Navigating a divorce is often tricky, but when you have children, the process can be even more difficult and challenging. Deciding on a custody arrangement for your children requires many choices to be made regarding the children’s upbringing, including education, religion, and other important issues.
There are several ways to decide on a custody arrangement. Family lawyers can help both parties arrive at an agreement, especially if the two of you are mostly on the same page to begin with. If there is some disagreement, a mediator can help you find an arrangement that both of you can be satisfied with. Sometimes, however, the parents simply cannot agree and will need to go to family court to have a judge make the final custody decision.
Types of Custody Arrangements
Every family is unique, and whatever custody agreement you settle on might not be the same as other families you know of. However, each agreement does tend to fall into one of these categories:
- Joint Custody: This arrangement, in which both parents have custodial rights, allows both parents to agree on situations regarding their children. In order for this to succeed, the parents must be able to cooperate and communicate well.
- Shared Custody: This is applicable when the courts grant the parents joint custody. If a parent spends 40% or more of their time with the children, this is considered to be shared custody.
- Split Custody: This is a situation in which the children are separated. One or more of them will live with one parent, and the others will live with the other parent.
- Sole Custody: This is exactly what it sounds like – the children are cared for by one parent, and all decisions regarding their care are made by that parent, even if the other one disagrees.
Depending on the type of custody arrangement and access granted by the court, the children may live with one parent or may split their time between both. Keep in mind that custody and access are different. The judge will grant access, or visitation rights, based on the parents’ ability to cooperate with one another. In cases where there is a history of neglect or abuse by one parent, the judge may not allow that parent access to the children at all.
At What Age Can a Child Decide Which Parent to Live With in Ontario?
In the past, custody of children almost always went to their mother, with little consideration for the father’s desire and ability to care for his children, and sometimes to the children’s detriment. This is no longer true, and custody decisions are considered much more evenly than they used to be.
As for the child’s wishes in the matter, here in Ontario there is no specific age at which a child can decide unilaterally which parent they’d prefer to live with; however, their wishes are certainly taken into consideration. The final decision is based on a variety of factors that the judge will consider carefully in order to decide which parent will gain custody of the child. These factors may include:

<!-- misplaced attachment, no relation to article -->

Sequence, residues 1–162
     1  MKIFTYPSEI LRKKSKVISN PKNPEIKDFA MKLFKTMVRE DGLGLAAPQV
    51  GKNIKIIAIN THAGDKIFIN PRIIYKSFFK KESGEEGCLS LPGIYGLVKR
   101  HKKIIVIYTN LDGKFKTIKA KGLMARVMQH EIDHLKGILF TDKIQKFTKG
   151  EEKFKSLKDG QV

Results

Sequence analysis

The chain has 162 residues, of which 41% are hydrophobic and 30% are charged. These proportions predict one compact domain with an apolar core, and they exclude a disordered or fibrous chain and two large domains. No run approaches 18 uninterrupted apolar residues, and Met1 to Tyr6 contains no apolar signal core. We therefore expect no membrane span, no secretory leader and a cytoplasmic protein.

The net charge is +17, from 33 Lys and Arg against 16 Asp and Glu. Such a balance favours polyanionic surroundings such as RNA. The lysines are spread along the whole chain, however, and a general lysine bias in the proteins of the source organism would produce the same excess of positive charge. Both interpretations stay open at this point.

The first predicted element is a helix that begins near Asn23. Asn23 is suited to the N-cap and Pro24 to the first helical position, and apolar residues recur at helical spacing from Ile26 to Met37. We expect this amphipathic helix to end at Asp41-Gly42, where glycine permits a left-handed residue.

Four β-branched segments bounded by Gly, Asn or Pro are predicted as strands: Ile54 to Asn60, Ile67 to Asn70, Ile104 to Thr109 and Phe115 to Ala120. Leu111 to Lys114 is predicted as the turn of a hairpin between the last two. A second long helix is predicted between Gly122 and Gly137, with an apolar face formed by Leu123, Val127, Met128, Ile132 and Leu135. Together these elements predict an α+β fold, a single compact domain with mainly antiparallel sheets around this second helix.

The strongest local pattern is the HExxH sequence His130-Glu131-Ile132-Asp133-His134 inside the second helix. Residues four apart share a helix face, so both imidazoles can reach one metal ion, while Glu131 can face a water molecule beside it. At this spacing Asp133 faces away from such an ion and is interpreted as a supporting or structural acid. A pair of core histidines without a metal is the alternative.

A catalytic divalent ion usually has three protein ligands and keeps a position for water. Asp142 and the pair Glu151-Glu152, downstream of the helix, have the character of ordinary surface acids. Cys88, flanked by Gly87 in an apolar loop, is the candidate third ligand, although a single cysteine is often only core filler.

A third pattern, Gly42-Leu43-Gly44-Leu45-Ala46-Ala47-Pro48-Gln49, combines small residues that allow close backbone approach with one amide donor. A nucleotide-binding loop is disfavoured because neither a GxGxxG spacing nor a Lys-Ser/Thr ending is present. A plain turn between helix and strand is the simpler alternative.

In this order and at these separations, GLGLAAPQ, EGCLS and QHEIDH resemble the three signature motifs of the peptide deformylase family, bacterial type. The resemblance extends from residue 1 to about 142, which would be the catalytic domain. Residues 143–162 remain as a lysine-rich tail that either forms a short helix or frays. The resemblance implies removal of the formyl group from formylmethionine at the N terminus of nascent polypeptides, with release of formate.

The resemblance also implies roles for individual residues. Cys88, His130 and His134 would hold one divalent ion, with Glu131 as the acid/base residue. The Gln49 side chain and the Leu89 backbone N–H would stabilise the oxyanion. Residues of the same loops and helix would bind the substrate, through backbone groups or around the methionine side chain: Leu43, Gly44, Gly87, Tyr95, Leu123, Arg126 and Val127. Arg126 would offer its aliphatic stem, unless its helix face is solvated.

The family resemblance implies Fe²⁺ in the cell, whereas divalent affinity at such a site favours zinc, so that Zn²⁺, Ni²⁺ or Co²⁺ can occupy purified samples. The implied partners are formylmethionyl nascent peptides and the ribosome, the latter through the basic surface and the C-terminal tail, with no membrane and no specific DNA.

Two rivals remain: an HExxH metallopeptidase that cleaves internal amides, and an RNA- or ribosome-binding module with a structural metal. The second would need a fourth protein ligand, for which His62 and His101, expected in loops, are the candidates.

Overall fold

- The child’s emotional ties to each parent
- The child’s preferences as to which parent to live with
- The stability of each parent’s home
- Overall parenting abilities of each spouse
- Criminal backgrounds of both parents
At the end of the day, the most important factor is the best interests of the children. If you are requesting sole custody, you must be prepared to show evidence that this is what would be best for your children.
The laws that apply to custody cases are the Divorce Act and the Children’s Law Reform Act, and the judge will abide by these laws. The judge will also use a Best Interests Test in order to help with the final decision.
Does Adultery Affect Child Custody in Canada?
While adultery is certainly a valid reason to end a marriage, being unfaithful to your partner does not necessarily make you an unfit parent. In most cases, the reasons for the divorce and the parents’ behaviour toward each other will not affect the judge’s decisions regarding custody. The court will not consider past behaviour unless it is relevant to that person’s ability to care for a child; for instance, a history of abusing or neglecting the children.
The Canadian Department of Justice compiles child custody statistics showing the arrangements that parents have made for their children following a divorce or separation. These statistics show that at the time they were compiled, nearly 80% of children under 12 years old were in the mother’s custody, 7% were in their father’s custody, and 12% were in a shared custody arrangement.
However, these numbers change depending on the age of the child and show that older children are more likely to be in their father’s care or in a joint custody arrangement. 74% of children over 12 were with their mother, 8% were with their father, and 16% were under shared custody.
Call Galbraith Family Law for Child Custody Help
Deciding on custody of your children is a very difficult and emotional task, and it can be hard to remember every little detail. Having an experienced and knowledgeable lawyer on your side will make this process much easier and less stressful. To get in touch with Galbraith Family Law, you can fill in the contact form on our website or give us a call. If you live in the Newmarket area, call (289) 802-2433; if you’re in Barrie, call (705) 302-1102.